My capacity for art criticism is all but nonexistent. It’s a subject better left to Madeleine Peck. My personal aesthetic is incomprehensible, and I would be reluctant to pass it off as “credible” in the mode of, say, my writing on politics, music or competitive BBQ except insofar as one might be considered relevant to the other. Consider that the universal disclaimer to any future comments about visual art.
The Cummers’ commitment to kids continues, long after they have themselves transcended this dimension. If it’s true that one’s deeds in life confer a form of immortality, then it’s likely that their names will be a real part of Jacksonville’s history for as long as the city exists. Their museum on Riverside Avenue is in its sixth decade as arguably the region’s premier draw. Certainly many artists, etc. will disagree, and that is a good thing, but no one would question its relative merits, such as accessibility and range of interests.
“New View: The Many Faces of the St. Johns”, wrapping up at the Cummer’s Thomas H. Jacobson Gallery of American Art on July 13, celebrates the main artery of Northeast Florida. If its city’s citizens are indeed its backbone, then the St. Johns River is the spinal cord itself. “New View” is built around selected works from past masters Theodor de Bry (1874-1939), Frederick Carl Frieseke (1525-1598) and Winslow Homer (1836-1910), as well as one piece, “Florida Rats”, by noted naturalist illustrator John James Audubon (1785-1851). The bulk of the exhibit, however, is comprised of mixed-media efforts by students from Douglas Anderson School of the Arts, including: Erin Baker, Jessie Barnes, Andrew Bartholomew, Rachel Bohannon, Lauren Boivin, Erin Broadfoot, Christiana Broughton, Crystal Bui, Caitlyn Cooney, Bettine Dela Pena, Erin Devlin, Kate Godfrey, Shea Green, Reine Hogue, Marty Howard, Alex Huffman, Caroline Johns, Catherine Leporati, Naomi McDonald, Alex Miller, Kaitlyn Moore, Emma Peterson, Rebecca Pitts, Paula Runyon, Leah Sakara, Emma Shoots, Portia Smith, Courtney Taylor, Rachel Teano and Micaela Yates.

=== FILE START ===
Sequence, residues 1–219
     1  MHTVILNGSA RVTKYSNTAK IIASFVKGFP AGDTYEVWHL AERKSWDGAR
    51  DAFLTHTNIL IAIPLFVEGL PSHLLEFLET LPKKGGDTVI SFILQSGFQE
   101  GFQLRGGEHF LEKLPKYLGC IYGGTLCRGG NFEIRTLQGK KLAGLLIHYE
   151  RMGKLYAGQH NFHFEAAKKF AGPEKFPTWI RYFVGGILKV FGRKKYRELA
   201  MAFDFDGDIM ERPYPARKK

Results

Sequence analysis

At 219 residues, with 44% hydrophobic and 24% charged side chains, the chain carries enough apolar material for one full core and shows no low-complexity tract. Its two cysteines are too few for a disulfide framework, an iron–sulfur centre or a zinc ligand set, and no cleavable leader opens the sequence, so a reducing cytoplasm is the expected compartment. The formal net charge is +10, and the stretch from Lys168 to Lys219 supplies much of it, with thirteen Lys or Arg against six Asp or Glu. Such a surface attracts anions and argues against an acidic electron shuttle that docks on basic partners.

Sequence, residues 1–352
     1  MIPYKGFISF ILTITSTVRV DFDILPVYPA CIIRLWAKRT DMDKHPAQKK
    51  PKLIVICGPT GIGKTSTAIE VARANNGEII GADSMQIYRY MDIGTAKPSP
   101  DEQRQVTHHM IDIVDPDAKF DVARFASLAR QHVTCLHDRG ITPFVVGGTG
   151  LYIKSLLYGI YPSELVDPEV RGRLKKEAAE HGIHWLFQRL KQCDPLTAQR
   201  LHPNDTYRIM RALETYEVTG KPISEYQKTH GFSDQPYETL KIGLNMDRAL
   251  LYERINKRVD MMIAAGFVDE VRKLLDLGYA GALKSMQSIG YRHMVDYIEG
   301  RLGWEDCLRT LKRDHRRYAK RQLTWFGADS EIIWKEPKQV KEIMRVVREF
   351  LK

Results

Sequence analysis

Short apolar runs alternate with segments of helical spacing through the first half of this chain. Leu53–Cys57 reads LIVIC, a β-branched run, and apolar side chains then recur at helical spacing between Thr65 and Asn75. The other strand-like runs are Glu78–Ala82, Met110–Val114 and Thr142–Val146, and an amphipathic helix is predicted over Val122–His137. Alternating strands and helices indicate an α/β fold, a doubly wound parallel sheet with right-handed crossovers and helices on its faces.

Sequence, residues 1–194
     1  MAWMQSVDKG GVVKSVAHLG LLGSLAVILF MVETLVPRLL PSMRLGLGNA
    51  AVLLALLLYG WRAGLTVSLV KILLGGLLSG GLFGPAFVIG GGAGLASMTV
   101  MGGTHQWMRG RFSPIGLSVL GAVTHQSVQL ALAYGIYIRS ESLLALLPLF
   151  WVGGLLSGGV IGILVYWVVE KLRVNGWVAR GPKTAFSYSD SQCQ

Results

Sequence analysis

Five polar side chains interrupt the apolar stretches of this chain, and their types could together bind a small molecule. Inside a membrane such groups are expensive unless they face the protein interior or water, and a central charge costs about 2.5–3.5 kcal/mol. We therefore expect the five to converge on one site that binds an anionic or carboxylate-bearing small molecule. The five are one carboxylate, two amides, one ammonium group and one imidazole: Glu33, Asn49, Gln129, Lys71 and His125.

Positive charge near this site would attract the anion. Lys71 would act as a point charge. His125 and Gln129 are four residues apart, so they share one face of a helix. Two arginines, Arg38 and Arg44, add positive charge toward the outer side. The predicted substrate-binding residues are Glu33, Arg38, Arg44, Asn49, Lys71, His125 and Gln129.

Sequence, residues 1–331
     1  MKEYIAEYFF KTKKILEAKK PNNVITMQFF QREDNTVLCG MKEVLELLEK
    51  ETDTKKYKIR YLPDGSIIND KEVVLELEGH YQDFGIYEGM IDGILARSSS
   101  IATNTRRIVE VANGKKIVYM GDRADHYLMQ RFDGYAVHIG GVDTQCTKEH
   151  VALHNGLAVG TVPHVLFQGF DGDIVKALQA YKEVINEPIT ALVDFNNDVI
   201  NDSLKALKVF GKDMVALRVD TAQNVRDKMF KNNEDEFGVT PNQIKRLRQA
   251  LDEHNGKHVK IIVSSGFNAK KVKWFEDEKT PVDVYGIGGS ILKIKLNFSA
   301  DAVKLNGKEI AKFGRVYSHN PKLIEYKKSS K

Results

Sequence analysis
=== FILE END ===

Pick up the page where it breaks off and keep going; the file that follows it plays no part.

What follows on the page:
Quoting the museum website: “A collaboration in the truest sense, New View: The Many Faces of the St. Johns River, is a result of a partnership between The Cummer, Douglas Anderson School of the Arts, The St. Johns Riverkeeper, Jacksonville Port Authority (JAXPORT), Museum of Science and History, Ritz Theater and La Villa Museum, The Jacksonville Public Libraries, Dr. Carolyn Williams, History Professor at UNF, artist Sarah Crooks Flaire and the Florida Humanities Council. […] This exhibition is underwritten by Jacksonville Port Authority (JAXPORT). Programming is sponsored by the Florida Humanities Council, the state program of the National Endowment for the Humanities.”
The river has survived acts of extreme avarice and wanton self-destructiveness by the people whose lives literally depend on the river’s immediate and long-term condition. While the exigences of building a modern industrialized economy may have required certain compromises–dredgings, dumpings, demolitions–at no point were the costs of such actions unclear to policy-makers or the voters. This region has at least shown, at times, the courage to reverse decisions proven ineffective or dangerous, and nature has generally come through the decade in better shape than certain segments of the human population. Former Jacksonville mayor John Delaney was quoted in January 2004 saying of the river that “My goal was to get it as clean as it was before the Europeans came here.”
The recurrence of similar themes through works done hundreds of years apart, by artists of vast diversity, points to the persistence of the River itself as a force shaping the lives lived around it–lives like those of the Cummers, whose old family home is now the kind of place where teenagers can show their work side-by-side with bronze busts and marble statues, then put that on a college application and have it count for something. And they had free cupcakes!